In addition to anxiety and stress, the toll today’s troubling economy is taking on individual health can be seen in the cutbacks people are making in obtaining health care and prescription drugs. Many people are foregoing medical visits and services, choosing not to fill prescriptions, and dosing filled prescriptions in ways to make them last longer.
Several recent surveys document this worrisome trend:
- A survey of consumers by the National Association of Insurance Commissioners found that 22% have reduced the number of times they see a doctor as a result of the economy, and 11% have cut back on the number of prescription drugs they take or have adjusted the dosage of their medications to make a prescription last longer.
- The Kaiser Family Foundation’s first tracking poll for 2009 found that more than half (53%) of Americans say their household has cut back on health care in the past 12 months, due to cost concerns. Steps taken include relying on home remedies and over-the-counter drugs rather than visiting a doctor (35%), delaying seeking needed health care services (27%), skipping a recommended medical test or treatment (23%), not filling a prescription (21%), and cutting pills in half or skipping doses to make a prescription last longer (15%).
- A survey from Consumer Reports found that nearly 70% of respondents had taken steps to “afford” their prescription drugs over the past year, and 28% did so in a way that had potentially harmful health effects. These measures included failing to fill a prescription (16%), skipping a dose (16%), taking an expired medication (11%), cutting pills in half (10%), and sharing a prescription (4%). Individuals under the age of 65 without prescription drug coverage were most likely to engage in such risky behavior in an attempt to control their costs.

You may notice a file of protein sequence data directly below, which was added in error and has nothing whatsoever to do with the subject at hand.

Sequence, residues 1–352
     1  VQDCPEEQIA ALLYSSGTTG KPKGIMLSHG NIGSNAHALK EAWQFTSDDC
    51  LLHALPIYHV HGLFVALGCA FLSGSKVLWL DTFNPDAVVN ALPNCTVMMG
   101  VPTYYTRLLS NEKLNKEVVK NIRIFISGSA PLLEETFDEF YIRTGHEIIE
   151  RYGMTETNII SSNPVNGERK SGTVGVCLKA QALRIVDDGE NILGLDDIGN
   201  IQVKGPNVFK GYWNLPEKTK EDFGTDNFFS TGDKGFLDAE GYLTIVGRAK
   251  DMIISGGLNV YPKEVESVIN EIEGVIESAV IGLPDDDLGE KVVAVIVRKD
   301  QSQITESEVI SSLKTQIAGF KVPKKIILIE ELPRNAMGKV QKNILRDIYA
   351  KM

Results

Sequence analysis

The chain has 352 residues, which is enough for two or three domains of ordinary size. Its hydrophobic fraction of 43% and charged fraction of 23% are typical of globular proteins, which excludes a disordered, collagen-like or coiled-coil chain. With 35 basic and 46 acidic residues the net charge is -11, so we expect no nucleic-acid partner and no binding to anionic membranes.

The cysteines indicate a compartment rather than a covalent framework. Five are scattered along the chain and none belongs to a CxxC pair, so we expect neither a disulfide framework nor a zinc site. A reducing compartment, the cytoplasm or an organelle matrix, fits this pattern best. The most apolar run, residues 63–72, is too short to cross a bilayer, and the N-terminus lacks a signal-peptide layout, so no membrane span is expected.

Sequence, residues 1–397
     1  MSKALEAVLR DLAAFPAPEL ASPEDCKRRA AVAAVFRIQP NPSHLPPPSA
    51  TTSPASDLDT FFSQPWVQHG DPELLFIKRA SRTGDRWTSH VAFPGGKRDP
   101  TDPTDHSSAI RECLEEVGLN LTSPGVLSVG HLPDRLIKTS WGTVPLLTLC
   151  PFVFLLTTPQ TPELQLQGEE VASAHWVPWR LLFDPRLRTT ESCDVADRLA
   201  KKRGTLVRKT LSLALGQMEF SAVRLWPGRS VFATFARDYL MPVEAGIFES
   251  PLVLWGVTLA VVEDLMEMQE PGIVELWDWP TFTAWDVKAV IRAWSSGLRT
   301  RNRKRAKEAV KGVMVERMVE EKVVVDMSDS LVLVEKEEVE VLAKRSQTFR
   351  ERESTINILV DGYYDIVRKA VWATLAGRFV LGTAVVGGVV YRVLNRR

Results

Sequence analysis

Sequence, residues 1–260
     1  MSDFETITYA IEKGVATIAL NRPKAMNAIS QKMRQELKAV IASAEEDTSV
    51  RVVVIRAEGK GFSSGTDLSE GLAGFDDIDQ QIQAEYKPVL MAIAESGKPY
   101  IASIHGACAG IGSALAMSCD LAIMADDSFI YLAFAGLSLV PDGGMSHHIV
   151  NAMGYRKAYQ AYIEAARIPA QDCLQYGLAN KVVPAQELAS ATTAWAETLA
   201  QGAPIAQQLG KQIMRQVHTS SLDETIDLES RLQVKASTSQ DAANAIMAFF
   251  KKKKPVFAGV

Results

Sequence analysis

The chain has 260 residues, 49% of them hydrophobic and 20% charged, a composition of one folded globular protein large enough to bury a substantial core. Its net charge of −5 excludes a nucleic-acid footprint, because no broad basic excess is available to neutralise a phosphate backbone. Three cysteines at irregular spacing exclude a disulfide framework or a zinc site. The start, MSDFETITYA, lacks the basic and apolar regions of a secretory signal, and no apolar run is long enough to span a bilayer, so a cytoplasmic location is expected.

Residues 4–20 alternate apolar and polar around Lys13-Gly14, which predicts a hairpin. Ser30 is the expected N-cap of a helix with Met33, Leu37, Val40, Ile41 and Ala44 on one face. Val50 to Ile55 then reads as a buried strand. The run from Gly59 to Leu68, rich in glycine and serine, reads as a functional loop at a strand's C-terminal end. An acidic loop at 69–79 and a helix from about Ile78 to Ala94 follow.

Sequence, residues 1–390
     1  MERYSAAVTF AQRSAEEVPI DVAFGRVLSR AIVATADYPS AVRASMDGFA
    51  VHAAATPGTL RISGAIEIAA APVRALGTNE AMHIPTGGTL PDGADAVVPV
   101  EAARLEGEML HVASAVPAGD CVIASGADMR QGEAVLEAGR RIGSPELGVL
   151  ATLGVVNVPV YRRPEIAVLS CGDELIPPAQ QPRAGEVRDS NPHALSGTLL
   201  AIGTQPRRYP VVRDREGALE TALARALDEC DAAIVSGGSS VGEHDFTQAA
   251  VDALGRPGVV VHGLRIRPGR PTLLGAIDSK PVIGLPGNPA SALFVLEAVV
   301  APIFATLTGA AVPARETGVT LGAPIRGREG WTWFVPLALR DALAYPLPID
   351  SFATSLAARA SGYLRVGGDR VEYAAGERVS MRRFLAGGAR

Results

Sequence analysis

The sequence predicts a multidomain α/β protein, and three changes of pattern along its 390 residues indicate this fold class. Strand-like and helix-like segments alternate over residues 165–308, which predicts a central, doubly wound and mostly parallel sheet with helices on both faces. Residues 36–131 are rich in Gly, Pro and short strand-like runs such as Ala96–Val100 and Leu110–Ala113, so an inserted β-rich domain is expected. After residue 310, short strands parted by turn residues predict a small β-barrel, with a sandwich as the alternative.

That consumers have cut back on prescription drug spending is reflected in data from IMS Health, which reports that prescription drug sales in the United States grew only 1.3% in 2008. This is down from the 3.8% sales growth seen in 2007, a figure that was considered low at the time — the lowest growth rate since 1961 — and down from a rate of 8% in 2006.
Although everyone is concerned about getting health care and prescription drug spending under control, no one wants to do that in ways that endanger individual health or lead to the worsening of a chronic condition, requiring added intervention and spending down the road. When it comes to prescription drugs, consumers can stretch their health care dollars by using generics. However, according to Consumer Reports, nearly half of consumers harbor reservations about generics: 27% say generics have different side effects than their name brand counterparts, 22% believe they aren’t as effective, 18% believe they don’t meet the same federal standards, and 16% say they just aren’t safe. These misconceptions must be recognized, battled and corrected if generics are to achieve their potential in aiding prescription drug cost control in a safe and appropriate way.